Years later Etteilla would publish his second cartomantic book, ‘How to Entertain Yourself With the Deck of Cards Called Tarot’ which is the first published book on tarot divination.

Prior to Etteilla’s book, Court de Gebelin had published the ninth volume of ‘la Monde Primitif’, which included some fifty pages on the tarot. Within these pages Gebelin had given the theory that the tarot originated in Ancient Egypt, as did the kabbalah, and then went to give a set of correspondences between the Hebrew letters and the tarot trumps.

Etteilla had claimed many of these same ideas and had extrapolated on them. Many believe Etteilla to have been heavily influenced by Gebelin’s work in developing his system of tarot. However Etteilla himself claimed to have been using the tarot more than twenty years before the publication of Gebelin’s book, but there is no proof of this.

More than likely Gebelin had not come to his conclusions about the Egyptian origin of the tarot or its Hebrew correspondences on his own. The ideas probably originated in one of the secret societies of Gebelin’s time, and one way or another Gebelin came across them in his research. It is very possible that Etteilla had also gotten ahold of these same ideas either through a secret society or through someone that was once connected to one rather than from Gebelin.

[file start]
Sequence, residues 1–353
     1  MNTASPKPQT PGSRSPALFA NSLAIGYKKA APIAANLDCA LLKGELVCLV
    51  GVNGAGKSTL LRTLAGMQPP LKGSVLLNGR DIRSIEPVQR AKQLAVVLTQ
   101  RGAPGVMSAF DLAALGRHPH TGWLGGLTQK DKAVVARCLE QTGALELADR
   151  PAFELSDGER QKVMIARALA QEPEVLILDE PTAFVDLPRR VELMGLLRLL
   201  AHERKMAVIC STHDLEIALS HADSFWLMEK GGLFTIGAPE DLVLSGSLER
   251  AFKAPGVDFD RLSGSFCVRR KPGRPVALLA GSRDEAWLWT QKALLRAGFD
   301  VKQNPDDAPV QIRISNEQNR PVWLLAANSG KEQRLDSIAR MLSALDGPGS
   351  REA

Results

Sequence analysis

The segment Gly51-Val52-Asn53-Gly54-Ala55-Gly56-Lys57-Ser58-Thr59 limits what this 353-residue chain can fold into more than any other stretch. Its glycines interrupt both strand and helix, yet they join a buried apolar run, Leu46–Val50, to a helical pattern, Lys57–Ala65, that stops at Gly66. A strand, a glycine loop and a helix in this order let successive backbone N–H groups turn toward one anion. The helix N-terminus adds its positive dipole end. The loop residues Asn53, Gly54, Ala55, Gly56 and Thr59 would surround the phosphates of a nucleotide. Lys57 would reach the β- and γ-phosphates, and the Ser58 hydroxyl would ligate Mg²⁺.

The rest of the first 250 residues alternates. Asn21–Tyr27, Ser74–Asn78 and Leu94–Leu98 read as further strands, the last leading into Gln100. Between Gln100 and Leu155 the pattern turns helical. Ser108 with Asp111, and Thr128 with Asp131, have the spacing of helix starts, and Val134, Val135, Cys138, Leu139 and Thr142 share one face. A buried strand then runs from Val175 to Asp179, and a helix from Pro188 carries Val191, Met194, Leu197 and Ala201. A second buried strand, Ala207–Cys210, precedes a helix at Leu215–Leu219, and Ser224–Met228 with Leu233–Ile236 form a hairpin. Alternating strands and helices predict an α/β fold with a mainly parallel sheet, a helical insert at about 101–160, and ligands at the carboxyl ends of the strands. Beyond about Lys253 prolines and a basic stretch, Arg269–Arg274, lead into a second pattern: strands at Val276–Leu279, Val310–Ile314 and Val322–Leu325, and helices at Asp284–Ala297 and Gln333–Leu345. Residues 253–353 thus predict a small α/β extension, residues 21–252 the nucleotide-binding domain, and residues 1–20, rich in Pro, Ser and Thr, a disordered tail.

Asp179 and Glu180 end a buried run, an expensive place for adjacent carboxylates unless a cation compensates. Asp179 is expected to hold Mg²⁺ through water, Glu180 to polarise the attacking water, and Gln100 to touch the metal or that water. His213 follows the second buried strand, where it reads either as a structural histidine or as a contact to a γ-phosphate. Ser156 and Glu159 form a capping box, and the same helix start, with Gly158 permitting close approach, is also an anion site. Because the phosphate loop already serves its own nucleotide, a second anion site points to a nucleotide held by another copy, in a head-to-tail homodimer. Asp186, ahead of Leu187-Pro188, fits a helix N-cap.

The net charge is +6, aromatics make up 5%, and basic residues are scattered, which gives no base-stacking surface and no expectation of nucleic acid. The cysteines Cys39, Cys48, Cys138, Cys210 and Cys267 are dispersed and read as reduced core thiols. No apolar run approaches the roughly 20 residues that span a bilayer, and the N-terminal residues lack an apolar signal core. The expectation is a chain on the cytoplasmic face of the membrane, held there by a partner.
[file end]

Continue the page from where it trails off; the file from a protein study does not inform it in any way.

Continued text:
Along with his book on tarot, Etteilla created the first tarot deck designed for divinatory and esoteric use. This deck would be known as the ‘Grand Etteilla’ to differentiate it from Etteilla’s piquet deck. Prior decks were designed either for game playing or as works of art. However tarot decks had been used for divination for a long time proceeding Etteilla, and by Etteilla’s time they were obviously being used to transmit esoteric information (as evidenced by Gebelin’s book).

Etteilla had worked to make correspondences between the tarot cards, astrology, and the Hebrew letters. He also integrated some of his earlier piquet divinatory system into his tarot. In doing all this though Etteilla had completely redesigned the tarot, reordering the cards, renaming many of the trumps, and changing the designs of many of the cards. Later taroists would, for the most part, ignore Etteilla’s redesign and typically worked with pre-Etteilla decks from the Marseille Family (and these decks, not Etteilla’s served as the primary influence on the tarot decks that came out of the Golden Dawn along with the decks created by Papus and Wirth).